ELLIS PETERS One Corpse Too Many

   For a fine literate change of pace from your standard big city police procedural or private eye yarn, you could do worse than to try this, the latest mystery adventure to be tackled and solved by the 12th century’s answer to Sherlock Holmes, Brother Cadfael of Shrewsbury Abbey.

   Stop and think about it. One of the prime requirements of the detective story is that of bringing the murderer to justice, before both God and man. In the year 1138 who else would there be but a devoutly dedicated monk to carry out such a task?

   Assigned to burial detail after King Stephen’s successful siege of the rebellious Castle Foregate, Cadfael discovers that he cannot account for an extra body among those of ninety-four other condemned prisoners. Without a little urging on his part, it couldn’t be made clearer that the distinction between a murder and an execution would have otherwise escaped the minds of those in power completely.

   The plot is thicker than it seems, romance is determined to bloom even under the worst of conditions, and Cadfael is a solid man of the earth who realizes that God’s will may not always be done as honest men would see fit. He makes an ideal detective.

— Reprinted from The MYSTERY FANcier,
       Vol. 4, No. 4, July-August 1980 (slightly revised).

PostScript.   One Corpse Too Many was the second of the Brother Cadfael mysteries, the first being A Morbid Taste for Bones (1977/78). In an interview conducted by Ellen Nehr in 1991, Ellis Peters revealed that the first book was intended to be a one off, not the beginning of a series that turned out to be 13 books long.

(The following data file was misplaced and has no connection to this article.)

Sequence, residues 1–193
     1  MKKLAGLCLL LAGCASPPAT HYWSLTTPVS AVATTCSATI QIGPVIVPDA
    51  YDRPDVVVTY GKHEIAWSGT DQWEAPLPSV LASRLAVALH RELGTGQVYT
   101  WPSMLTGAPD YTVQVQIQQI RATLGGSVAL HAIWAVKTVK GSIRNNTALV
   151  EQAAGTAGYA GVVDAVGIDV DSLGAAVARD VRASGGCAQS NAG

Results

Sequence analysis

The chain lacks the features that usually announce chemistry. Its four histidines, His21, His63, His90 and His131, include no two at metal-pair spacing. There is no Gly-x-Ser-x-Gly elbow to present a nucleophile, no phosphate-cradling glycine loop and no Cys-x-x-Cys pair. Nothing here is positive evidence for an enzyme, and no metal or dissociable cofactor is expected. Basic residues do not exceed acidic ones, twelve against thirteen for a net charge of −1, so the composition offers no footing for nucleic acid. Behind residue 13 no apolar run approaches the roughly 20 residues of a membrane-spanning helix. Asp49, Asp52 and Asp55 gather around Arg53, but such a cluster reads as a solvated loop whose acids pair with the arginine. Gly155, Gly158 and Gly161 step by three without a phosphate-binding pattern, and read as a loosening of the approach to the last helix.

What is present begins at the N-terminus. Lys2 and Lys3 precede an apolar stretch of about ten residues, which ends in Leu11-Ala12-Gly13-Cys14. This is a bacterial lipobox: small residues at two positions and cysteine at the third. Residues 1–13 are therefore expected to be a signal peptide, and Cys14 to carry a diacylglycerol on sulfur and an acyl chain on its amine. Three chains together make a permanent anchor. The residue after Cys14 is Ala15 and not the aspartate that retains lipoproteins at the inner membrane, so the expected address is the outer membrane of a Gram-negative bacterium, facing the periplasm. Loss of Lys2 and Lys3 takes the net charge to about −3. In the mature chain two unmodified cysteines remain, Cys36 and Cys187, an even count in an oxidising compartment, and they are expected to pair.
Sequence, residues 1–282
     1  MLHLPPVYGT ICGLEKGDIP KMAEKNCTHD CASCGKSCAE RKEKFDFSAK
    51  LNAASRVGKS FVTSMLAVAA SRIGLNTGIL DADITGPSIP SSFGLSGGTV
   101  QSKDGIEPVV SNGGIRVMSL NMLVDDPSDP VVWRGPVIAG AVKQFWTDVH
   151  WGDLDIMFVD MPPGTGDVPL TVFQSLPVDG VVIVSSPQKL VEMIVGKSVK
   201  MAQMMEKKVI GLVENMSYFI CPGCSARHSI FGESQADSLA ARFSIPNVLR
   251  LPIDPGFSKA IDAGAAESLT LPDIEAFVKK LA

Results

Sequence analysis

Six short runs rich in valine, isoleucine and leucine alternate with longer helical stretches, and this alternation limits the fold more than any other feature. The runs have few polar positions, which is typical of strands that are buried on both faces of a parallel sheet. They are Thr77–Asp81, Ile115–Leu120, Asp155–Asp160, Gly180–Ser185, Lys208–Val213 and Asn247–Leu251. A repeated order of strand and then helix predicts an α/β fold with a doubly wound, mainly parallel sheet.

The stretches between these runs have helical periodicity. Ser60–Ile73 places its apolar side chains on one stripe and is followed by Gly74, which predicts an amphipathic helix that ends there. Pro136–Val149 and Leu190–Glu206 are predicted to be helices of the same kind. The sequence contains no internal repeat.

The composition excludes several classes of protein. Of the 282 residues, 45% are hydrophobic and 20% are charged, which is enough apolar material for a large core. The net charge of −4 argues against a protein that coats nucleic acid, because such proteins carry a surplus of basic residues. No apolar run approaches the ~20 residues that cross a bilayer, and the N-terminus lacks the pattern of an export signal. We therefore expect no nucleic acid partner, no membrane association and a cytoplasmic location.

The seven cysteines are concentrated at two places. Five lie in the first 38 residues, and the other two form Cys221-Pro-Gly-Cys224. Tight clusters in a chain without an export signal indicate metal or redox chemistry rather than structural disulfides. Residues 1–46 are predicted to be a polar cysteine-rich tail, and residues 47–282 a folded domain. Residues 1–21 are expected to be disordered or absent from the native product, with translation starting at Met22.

THE WHOLE TOWN’S TALKING. Columbia, 1935. Edward G. Robinson, Jean Arthur, Arthur Hohl, James Donlan, Arthur Byron, Wallace Ford, Donald Meek, Etienne Girardot. Director: John Ford.


   I waited a long time for The Whole Town’s Talking to come out on Video, and then it reminded me of my experiences with Spillane and James Hadley Chase: I wanted to like it a lot, but found myself disappointed,

   The Whole Town’s Talking (not to be confused with People Will Talk or The Talk of the Town) has some impressive credentials indeed: A Gangster/Comedy film with Edward G. Robinson and Jean Arthur, based on a story by W. R. Burnett and directed by none other than John Ford, not shown on television in years, so you can imagine how I looked forward to it.

   Turns out, though, to be an unimaginative little comedy, revolving around a meek clerk, played by Robinson, who resembles a Dillinger-like desperado, also played by Robinson, and the supposedly comic complications this has on his life. There’s a lot of Capra-esque business about poor little Edward G, abused by uncaring bosses and local politicos, and the presence of Jean Arthur pushes it even further into Capra territory.

   The film also features on performances by two supreme milquetoasts of the cinema, Etienne Girardot and Donald Meek, who actually share an all-too-short scene together. Unfortunately, the whole thing revolves around a character who never seems to do very much; the story just sort of moves — slowly — along without him… and without engendering too much interest.


LESLEY ANDRESS – Caper. Putnam, hardcover, 1980. Pocket, paperback, December 1980. Also published as by Lawrence Sanders: Berkley, paperback, 1987.


   Her publisher unhappy about her recent lack-lustre production of mystery thrillers, Jannie Shean, also known as Chuck Thorndyke, Mike Cantrell, and yes, God help us, Brick Wall, among others, faces a crisis in her career. Her books need more reality, she is told. Others tell her they need what you usually don’t find happening in real life. Tidy endings, she is advised. No loose ends.